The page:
In fact, the success of EPO finally opened their eyes, but it took years : the more oxygen you give to the muscle the more energy it can produce. I won't go into details because I DON'T KNOW ENOUGH. Somebody like Andy Coggan could tell us how the thinking evolved.

Anyway it looks to me as if Padilla-Terrados were wise enough, like Ryjkaerts (sorry for the spelling) at Festina, to limit doping to 54% Hct ( ie the "legal" limit in cross-country skiing) while other daredevils went up to 60% in 96 ( how high to Berzin go?).

My interpretation of events is that Indurain refused to take the risk of going up to 60%, which he understood he would have had to do in 97 to beat the likes of Riis. So he quit, good for him.

Anyway, Indurain was/is a nice and humble guy, he knows what he owes to EPO and therefore does not boast about his successes as if they were due to his superior athletic qualities alone, in sharp contrast to L.A.

Of course the heavier racers were the one who benefited the most from EPO as they could increase more the supply of oxygen to their thick muscles.
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27 Jul 2010 07:37

It's late here and I forget the name and don't have the link, but a former teammate testified that Banesto basically had a team-wide doping program in the early 1990s.

It's a shame that he was one of the early riders that jumped on EPO which robbed LeMond (and Mottet and Delion) in the early 1990's, but Indurain was a physical specimen, and I think once LeMond started to fade naturally, Mig was a perfect candidate to take over and would have won a few Tours anyway had they all been clean.

He also benefited from some of the course designs in the early 90's, where there were often 200km of total TT distance in GTs. Compare that to the 50-60 we're seeing these days.

And yes, a total class gentleman. I'd like it if he eventually came clean, but if he never does, so be it.
User avatar Alpe d'Huez
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27 Jul 2010 07:50

TahoeNL wrote:I suppose I should know this but, with all the talk that EPO appearing on the scene in 1991, 1992 - do people suggest that Miguel Indurian was doping? If so why don't we hear more accusations for him to come clean? How about Merckx, I had no idea that he worked worked with Dr. Ferrari! Does any say the Cannibal doped? Love to hear anyones insights...


A couple of years before Miguel Indurain won the tour de france he had been sick. When he recovered he trained smarter than anyone else in the history of the sport - noone else up until then had any idea.

He recruited a team that would ride for him until they dropped (dead if necessary). They were paid 50 million dollars each for their efforts.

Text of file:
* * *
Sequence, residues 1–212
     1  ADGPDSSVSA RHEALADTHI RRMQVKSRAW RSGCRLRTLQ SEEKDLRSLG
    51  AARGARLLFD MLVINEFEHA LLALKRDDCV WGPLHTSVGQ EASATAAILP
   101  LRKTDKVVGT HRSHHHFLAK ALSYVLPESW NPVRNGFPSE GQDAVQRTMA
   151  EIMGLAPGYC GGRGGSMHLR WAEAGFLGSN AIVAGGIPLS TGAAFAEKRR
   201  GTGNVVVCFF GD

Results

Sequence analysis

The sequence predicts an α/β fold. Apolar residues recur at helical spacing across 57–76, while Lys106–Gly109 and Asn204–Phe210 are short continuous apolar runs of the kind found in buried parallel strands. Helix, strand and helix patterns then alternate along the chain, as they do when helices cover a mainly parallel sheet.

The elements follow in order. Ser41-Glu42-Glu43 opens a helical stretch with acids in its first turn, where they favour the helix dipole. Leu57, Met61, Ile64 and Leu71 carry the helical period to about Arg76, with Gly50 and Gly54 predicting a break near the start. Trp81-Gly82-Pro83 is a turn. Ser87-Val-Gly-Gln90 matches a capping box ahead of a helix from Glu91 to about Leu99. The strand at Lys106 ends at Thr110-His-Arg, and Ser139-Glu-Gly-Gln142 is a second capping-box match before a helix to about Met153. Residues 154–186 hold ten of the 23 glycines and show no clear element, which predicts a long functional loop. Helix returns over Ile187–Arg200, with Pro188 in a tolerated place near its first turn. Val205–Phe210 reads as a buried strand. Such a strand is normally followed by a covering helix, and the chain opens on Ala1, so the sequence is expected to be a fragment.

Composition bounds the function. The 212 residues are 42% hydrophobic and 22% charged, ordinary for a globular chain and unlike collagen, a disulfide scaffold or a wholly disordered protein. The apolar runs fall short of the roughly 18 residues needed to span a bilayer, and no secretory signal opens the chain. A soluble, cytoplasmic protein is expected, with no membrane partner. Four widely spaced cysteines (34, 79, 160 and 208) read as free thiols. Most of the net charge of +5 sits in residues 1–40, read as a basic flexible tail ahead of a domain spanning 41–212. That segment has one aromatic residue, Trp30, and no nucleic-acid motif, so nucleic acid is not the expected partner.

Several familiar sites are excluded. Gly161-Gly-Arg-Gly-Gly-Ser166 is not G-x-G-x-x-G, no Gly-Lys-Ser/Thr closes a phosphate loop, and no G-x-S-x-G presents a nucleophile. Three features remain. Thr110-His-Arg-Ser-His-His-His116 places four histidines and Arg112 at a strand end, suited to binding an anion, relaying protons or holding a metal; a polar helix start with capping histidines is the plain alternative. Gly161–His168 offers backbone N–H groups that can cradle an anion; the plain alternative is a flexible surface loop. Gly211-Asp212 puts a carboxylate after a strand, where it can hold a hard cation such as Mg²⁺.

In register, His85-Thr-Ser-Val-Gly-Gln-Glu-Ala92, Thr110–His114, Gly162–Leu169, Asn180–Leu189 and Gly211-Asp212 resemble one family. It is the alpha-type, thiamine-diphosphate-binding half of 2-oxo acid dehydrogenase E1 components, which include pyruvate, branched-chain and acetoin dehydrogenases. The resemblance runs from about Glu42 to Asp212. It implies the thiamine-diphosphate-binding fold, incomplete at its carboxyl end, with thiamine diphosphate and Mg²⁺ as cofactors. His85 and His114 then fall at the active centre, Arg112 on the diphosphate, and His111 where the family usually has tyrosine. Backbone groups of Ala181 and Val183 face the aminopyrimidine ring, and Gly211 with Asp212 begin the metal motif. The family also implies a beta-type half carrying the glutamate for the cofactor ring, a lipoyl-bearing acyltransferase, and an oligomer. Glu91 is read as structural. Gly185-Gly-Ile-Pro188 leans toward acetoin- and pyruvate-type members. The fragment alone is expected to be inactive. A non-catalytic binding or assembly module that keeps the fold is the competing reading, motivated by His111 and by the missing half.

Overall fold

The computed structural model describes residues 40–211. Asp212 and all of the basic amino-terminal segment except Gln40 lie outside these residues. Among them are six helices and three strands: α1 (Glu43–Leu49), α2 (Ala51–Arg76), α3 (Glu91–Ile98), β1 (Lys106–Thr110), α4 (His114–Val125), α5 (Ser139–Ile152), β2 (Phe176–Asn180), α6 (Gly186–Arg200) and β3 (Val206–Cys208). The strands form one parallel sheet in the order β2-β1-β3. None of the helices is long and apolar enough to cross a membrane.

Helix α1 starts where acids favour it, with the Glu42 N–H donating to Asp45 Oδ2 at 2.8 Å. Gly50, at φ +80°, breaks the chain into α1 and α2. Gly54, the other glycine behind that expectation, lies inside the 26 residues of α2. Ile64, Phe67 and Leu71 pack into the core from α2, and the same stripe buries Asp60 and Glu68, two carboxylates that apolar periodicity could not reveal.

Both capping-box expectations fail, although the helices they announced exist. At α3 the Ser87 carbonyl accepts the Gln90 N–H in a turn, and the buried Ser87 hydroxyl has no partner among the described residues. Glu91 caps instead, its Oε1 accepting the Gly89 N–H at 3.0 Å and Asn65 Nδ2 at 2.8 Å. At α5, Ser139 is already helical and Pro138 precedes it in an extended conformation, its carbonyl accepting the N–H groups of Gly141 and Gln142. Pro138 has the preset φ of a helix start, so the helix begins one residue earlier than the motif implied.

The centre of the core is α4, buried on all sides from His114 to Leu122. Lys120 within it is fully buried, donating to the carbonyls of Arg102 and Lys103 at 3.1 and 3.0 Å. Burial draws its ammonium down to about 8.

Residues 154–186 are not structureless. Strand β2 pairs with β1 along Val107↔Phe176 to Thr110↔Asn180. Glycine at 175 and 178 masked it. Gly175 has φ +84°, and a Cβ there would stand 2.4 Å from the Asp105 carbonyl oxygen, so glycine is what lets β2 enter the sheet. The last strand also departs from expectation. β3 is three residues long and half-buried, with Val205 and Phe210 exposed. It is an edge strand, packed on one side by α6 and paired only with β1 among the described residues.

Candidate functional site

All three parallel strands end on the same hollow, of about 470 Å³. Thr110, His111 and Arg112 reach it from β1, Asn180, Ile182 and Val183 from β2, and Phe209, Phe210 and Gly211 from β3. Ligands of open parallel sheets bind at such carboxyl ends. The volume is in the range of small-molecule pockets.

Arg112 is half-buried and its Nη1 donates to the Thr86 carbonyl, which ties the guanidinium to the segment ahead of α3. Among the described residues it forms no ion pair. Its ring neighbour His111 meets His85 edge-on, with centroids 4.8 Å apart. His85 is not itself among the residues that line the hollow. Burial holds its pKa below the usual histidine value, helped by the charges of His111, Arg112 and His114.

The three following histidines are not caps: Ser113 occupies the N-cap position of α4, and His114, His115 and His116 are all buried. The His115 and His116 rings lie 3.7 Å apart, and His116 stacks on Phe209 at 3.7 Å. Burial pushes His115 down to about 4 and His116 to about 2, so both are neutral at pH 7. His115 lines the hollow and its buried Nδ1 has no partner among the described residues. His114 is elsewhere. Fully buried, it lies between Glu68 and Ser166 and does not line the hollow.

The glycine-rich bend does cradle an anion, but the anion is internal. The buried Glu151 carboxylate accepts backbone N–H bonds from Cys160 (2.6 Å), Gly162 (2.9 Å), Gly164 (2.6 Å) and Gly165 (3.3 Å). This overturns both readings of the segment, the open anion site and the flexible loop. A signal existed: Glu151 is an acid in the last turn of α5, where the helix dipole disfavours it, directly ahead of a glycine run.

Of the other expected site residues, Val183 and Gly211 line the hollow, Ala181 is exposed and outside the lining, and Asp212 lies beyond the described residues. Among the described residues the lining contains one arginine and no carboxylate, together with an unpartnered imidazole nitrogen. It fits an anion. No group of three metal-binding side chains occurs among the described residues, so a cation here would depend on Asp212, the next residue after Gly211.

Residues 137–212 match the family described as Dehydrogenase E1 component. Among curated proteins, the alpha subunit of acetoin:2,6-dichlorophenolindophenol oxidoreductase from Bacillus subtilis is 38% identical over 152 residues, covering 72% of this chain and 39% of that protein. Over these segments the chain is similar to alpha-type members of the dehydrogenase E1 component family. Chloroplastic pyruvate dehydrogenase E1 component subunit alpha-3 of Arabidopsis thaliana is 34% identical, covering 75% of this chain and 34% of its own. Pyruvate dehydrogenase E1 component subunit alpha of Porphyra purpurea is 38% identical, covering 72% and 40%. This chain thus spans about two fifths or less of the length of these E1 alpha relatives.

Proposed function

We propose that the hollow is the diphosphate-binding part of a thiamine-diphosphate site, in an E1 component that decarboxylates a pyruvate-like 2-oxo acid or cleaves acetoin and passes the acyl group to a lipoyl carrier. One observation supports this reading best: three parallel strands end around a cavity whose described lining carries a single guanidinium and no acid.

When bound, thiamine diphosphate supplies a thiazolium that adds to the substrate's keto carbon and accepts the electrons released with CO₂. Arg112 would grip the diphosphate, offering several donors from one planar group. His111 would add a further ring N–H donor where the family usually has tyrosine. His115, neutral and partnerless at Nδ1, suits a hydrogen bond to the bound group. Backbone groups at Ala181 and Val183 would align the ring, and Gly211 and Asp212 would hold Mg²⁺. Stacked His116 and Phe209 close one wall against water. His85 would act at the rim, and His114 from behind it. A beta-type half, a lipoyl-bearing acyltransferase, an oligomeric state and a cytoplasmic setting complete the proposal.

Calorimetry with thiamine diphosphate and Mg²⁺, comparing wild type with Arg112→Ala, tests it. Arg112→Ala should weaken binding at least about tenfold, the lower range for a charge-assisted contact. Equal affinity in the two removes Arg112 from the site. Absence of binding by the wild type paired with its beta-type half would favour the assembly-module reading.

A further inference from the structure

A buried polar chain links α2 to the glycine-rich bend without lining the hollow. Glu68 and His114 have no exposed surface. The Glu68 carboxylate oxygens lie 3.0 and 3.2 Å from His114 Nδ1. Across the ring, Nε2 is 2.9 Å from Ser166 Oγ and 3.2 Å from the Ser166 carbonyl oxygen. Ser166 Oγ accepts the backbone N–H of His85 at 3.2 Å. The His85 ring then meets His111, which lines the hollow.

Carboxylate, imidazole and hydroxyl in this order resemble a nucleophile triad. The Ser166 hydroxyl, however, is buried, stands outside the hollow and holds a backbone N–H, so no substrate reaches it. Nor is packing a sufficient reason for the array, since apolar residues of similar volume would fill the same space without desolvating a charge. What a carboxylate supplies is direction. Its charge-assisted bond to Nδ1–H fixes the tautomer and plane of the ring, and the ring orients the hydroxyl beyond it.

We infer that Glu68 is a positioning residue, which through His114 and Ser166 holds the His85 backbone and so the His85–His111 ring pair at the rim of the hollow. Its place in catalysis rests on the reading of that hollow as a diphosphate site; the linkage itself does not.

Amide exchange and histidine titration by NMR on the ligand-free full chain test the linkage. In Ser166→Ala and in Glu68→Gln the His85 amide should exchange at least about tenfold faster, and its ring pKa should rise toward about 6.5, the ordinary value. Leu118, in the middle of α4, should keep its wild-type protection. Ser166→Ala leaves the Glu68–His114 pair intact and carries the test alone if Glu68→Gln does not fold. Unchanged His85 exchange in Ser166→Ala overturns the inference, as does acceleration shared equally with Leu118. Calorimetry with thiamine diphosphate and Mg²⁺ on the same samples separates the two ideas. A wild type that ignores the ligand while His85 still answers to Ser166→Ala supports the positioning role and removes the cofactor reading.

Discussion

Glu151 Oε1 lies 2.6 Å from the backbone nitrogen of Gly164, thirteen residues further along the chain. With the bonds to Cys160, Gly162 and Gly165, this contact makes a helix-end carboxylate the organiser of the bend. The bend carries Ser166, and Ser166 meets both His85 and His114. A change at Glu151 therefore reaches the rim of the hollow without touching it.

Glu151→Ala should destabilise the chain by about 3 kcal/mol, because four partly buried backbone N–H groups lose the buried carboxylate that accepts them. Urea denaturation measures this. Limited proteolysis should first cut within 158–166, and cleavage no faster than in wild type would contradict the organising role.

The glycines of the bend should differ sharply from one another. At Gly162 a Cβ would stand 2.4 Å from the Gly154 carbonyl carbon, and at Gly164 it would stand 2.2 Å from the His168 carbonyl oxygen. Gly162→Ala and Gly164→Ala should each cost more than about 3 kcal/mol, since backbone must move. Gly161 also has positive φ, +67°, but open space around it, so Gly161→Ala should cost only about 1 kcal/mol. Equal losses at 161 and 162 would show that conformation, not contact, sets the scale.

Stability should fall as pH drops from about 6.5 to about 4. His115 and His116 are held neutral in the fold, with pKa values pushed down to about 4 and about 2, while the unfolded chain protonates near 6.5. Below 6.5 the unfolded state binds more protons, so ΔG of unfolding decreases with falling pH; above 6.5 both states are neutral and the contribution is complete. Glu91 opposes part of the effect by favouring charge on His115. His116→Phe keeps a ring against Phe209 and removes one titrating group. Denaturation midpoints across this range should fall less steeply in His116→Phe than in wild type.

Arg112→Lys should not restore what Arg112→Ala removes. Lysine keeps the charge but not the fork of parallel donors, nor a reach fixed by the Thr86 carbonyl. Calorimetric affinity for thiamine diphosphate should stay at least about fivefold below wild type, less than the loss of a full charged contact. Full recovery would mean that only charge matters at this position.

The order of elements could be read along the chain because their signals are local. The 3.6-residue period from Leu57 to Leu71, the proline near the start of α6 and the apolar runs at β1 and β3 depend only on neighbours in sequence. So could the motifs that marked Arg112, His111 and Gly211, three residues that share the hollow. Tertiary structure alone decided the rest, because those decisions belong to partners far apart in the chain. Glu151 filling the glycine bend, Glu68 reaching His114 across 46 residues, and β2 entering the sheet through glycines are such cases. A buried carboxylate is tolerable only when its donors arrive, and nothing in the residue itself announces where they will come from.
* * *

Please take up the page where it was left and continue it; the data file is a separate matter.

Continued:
After he won his first tour de france it was discovered that he had a lung capacity 10 times greater than any other cyclist in the peloton, his heart was bigger than pharlaps (pharlap was a horse), and it only beat twice an hour while resting. His VO2 max was 250.

His blood lactate levels never rose above 2 mmolL-1 even when sprinting.

He was tested for drugs 5 times a day and twice each night in and out of competition and was never positive except for a couple of times but he had a great excuse.

It has also been claimed he revolutionised riding. But noone has actually said how.

So in answer to your question, I have no idea. He may have been on drugs but he does, in reality, have an exceptional phsiology.

If you want some truth about him it is out there:
http://news.bbc.co.uk/2/hi/6273202.stm
http://uk.ask.com/wiki/Miguel_Indurain
and some further discussion:
http://archive.roadbikereview.com/04/0EE974B1.php
User avatar oncehadhair
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27 Jul 2010 09:40

Lemond seemed certain that Indurain doped. I believe him. But as has been mentioned, it was different times. I'm not sure if Indurain would dope in todays cycling world. I'm sure he would want a cleaner cycling. But hey he and his family are set for life, can't knock him for that. What bewilder's me though is that he seems over joyed that his son has taken up cycling and seems to be fully behind that. Would he want to introduce his son to the world of doping? I doubt it. Look at all past champions sons, ie. Axel Merckx, Nicholas Roche, they don't seem to dope. It's like they've learnt from their fathers not to.

The only problem I have with Indurain is that Armstrong considers him a friend (not sure if he feels the same way) and that he didn't stick on Armstrong's wheel going down that slipperly descent and outsprint him for the Worlds (93 I think). The thought that he could be connected with Armstrong in any way is worst than him being connected with Dr.Conconi. Anyone that knows and truly likes Armstrong is either sick in the head or power hungry like him.
User avatar Indurain
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27 Jul 2010 09:48

Look at all past champions sons, ie. Axel Merckx, Nicholas Roche, they don't seem to dope.

Sorry, I had to laugh about that one... :p

LeMond always said he was 100% against the idea that his sons enter pro cycling. Another point that makes him different from other past champions of his time.